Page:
"The star, found in the Sculptor galaxy 280,000 light-years away, is very low in "metals," astronomers said. In astronomy, metals are any elements other than hydrogen and helium.
Such metal-poor stars are thought to be very old, because metals were rare in the early universe. Elements heavier than helium are produced as a result of star evolution processes, such as nuclear fusion, fission and supernovas."

"This star is likely almost as old as the universe itself," said astronomer Anna Frebel of the Harvard-Smithsonian Center for Astrophysics, lead author of the paper describing the star in Nature this week.
Frebel and her colleagues used high-resolution spectroscopy to probe the star for 11 different chemical elements, and found that its composition is similar to stars found in the Milky Way's "halo."

"The halo stars have metal levels 100,000 times lower than those found in the sun. The star found in the dwarf galaxy, called S1020549, has metal levels 4,000 times lower than the sun, much lower than any other star in a dwarf galaxy."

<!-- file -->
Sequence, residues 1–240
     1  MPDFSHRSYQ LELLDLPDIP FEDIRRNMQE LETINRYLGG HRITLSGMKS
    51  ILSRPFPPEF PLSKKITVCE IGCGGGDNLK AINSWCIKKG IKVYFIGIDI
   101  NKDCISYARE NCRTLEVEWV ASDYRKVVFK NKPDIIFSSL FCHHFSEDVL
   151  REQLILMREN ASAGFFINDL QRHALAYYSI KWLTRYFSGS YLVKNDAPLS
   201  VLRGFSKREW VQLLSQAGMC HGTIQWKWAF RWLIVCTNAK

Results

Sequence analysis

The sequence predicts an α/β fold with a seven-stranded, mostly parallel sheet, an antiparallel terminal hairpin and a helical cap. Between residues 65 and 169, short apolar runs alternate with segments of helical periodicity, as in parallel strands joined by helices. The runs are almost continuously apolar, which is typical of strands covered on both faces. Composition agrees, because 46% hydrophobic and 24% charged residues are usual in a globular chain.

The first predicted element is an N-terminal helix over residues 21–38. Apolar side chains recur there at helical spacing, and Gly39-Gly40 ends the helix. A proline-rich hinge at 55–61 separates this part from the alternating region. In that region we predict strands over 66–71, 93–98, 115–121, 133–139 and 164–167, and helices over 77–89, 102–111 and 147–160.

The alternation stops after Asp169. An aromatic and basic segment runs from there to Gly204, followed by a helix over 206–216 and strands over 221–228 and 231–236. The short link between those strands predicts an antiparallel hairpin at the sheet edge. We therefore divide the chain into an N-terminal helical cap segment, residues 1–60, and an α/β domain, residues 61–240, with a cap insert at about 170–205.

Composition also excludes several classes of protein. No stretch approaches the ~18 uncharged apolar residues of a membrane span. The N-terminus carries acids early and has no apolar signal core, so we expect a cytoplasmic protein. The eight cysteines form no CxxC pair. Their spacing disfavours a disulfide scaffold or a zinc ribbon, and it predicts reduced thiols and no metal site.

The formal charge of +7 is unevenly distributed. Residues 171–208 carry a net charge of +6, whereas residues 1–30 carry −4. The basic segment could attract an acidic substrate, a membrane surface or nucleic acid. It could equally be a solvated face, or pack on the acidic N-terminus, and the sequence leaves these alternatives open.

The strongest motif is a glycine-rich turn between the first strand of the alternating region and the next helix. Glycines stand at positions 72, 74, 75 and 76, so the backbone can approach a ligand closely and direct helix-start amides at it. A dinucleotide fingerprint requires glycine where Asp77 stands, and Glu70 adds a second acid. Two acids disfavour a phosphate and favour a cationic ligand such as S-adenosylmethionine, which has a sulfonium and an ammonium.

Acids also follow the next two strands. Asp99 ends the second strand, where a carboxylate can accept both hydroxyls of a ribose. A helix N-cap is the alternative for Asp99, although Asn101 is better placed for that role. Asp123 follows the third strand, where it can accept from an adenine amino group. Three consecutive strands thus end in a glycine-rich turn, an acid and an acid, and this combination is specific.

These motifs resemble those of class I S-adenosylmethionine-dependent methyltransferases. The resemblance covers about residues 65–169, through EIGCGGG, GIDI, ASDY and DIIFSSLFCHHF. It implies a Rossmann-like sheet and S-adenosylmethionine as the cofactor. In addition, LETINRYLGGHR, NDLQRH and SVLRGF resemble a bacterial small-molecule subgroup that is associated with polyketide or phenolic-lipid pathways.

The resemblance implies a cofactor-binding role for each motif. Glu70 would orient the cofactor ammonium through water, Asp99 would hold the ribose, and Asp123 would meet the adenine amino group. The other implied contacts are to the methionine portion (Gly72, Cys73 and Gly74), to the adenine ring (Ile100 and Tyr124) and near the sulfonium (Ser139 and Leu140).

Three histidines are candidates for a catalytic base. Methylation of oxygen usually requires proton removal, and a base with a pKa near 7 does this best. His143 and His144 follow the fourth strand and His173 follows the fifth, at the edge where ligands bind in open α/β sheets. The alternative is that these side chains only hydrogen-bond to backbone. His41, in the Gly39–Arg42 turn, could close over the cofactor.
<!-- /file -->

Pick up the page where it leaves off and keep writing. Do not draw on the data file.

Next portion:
"The spectroscopic results came from the Magellan-Clay telescope in Las Campanas, Chile.
The finding supports the theory that the halo formed by the Milky Way gobbling up stars from smaller galaxies, the researchers said."

"The original idea that the halo of the Milky Way was formed by destroying a lot of dwarf galaxies does indeed appear to be correct," said Josh Simon, an astronomer at the Observatories of the Carnegie Institution, in a statement.          

Source:cbc news and http://sync.sympatico.ca/News/ContentPosting_CBC?newsitemid=tech-space-metal-poor-star&feedname=CBC-TECH-SCIENCE-V3&show=False&number=0&showbyline=True&subtitle=&detect=&abc=abc&date=True